Many people think of networking as going to a business event in search of business opportunities however it is much more than this.  It’s a very cost effective way of doing business through referred leads if it is managed correctly.

The “Barrons Business Guide” Dictionary of Business Terms defines networking as –
“making use of professional contacts”

You can break network into two words – “net” and “work”.
Your “net” is made up of the people and businesses you interconnect with
Your “work” is the building and maintenance of your net.

To be effective in your networking you need to have systems.

A “system” is defined as “organization of functionally interactive units for the achievement of a common goal”

Some systems for networking would include –

  1. A clear strategy for each event/meeting
  2. A clear profile of the type of prospects you are looking for.  Many salespeople don’t have a clear picture of this and tend to say they are interested in anyone and are then condemned to spend their time with the wrong prospects
  3. Lists of prospects you may want introductions to – be specific
  4. An “elevator speech” or “value statement”
  5. List of questions to ask new contacts
  6. Follow-up contact systems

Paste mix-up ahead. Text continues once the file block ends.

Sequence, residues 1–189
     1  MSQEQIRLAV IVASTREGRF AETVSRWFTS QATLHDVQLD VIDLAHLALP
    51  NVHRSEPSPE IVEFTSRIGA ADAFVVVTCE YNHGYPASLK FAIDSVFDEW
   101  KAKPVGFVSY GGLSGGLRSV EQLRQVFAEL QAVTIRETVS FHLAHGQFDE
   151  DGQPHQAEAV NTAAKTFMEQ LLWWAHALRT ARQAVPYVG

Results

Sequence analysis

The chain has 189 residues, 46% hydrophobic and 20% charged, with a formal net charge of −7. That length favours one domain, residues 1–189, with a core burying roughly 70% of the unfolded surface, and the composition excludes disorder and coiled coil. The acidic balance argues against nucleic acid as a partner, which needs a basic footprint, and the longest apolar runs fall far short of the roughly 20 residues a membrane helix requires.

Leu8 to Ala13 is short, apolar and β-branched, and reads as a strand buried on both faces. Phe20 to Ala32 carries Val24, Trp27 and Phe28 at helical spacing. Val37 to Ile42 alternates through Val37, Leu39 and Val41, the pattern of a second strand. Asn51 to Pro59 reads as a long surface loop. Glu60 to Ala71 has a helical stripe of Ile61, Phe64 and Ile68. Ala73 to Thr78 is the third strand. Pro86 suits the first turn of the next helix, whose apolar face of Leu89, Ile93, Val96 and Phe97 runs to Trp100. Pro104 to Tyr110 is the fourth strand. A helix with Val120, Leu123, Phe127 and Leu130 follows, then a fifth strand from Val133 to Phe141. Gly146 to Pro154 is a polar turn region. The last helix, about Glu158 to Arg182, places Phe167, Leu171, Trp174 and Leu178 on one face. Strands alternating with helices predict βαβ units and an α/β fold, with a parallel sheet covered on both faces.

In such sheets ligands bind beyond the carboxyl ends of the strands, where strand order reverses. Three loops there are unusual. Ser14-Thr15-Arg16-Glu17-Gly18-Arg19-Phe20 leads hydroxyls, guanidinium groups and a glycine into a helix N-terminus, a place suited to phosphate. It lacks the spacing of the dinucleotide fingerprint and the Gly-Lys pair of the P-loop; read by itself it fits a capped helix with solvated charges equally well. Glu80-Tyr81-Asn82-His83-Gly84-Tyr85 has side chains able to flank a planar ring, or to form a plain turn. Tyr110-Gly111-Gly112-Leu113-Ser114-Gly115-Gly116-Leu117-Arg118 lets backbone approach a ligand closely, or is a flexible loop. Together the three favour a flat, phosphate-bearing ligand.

Let’s look at some of the “sins of networking”.

1. Attending the wrong events –

When I first got into sales I attended every event that was going and eagerly gave away as many of my business cards as I could as I had read somewhere you should give away 5 cards each day.   I now believe there are three uses for business cards –

  • Free lunch (lucky draw)
  • Possible leads – networking events (dubious)
  • Get the other persons card (No.1 reason)

2. Talking Too Much –

Let’s face it we love talking about ourselves and our businesses and I know I’m no different to anybody else.  I think it was Mark Twain who said “a bore is someone who opens their mouth and puts both feats in it”
Another favorite – “a closed mouth gathers no foot”

Many of us are so busy “waiting to talk” that we are barely listening to the other person.  Something I strive to do in these situations is “to be more interested than interesting” which brings me to sin no. 3.

3. Not asking enough questions –

More importantly-  enough of the right questions.
The most effective way to build trust and rapport is to ask good questions that connect with who you are having a conversation with.
A question I am often asked is – “what if they don’t ask what we do”?
The law of reciprocity usually kicks in and eventually they will ask, but at the end of the day if nothing else you’ve learnt a lot about them and their business.

I will continue with more “sins of networking” in my next article, in the meantime keep your sinning to a minimum!!


Internalize the Golden Rule of sales that says –

“All things being equal, people will do business with, and refer business to,
those people they know, like and trust.”
                                                                                                          Bob Burg


Brett Burgess is a Sales Trainer and Programme Developer for Sales Impact Group.

Filed under: Sales Techniques and Strategy, Uncategorized, , , ,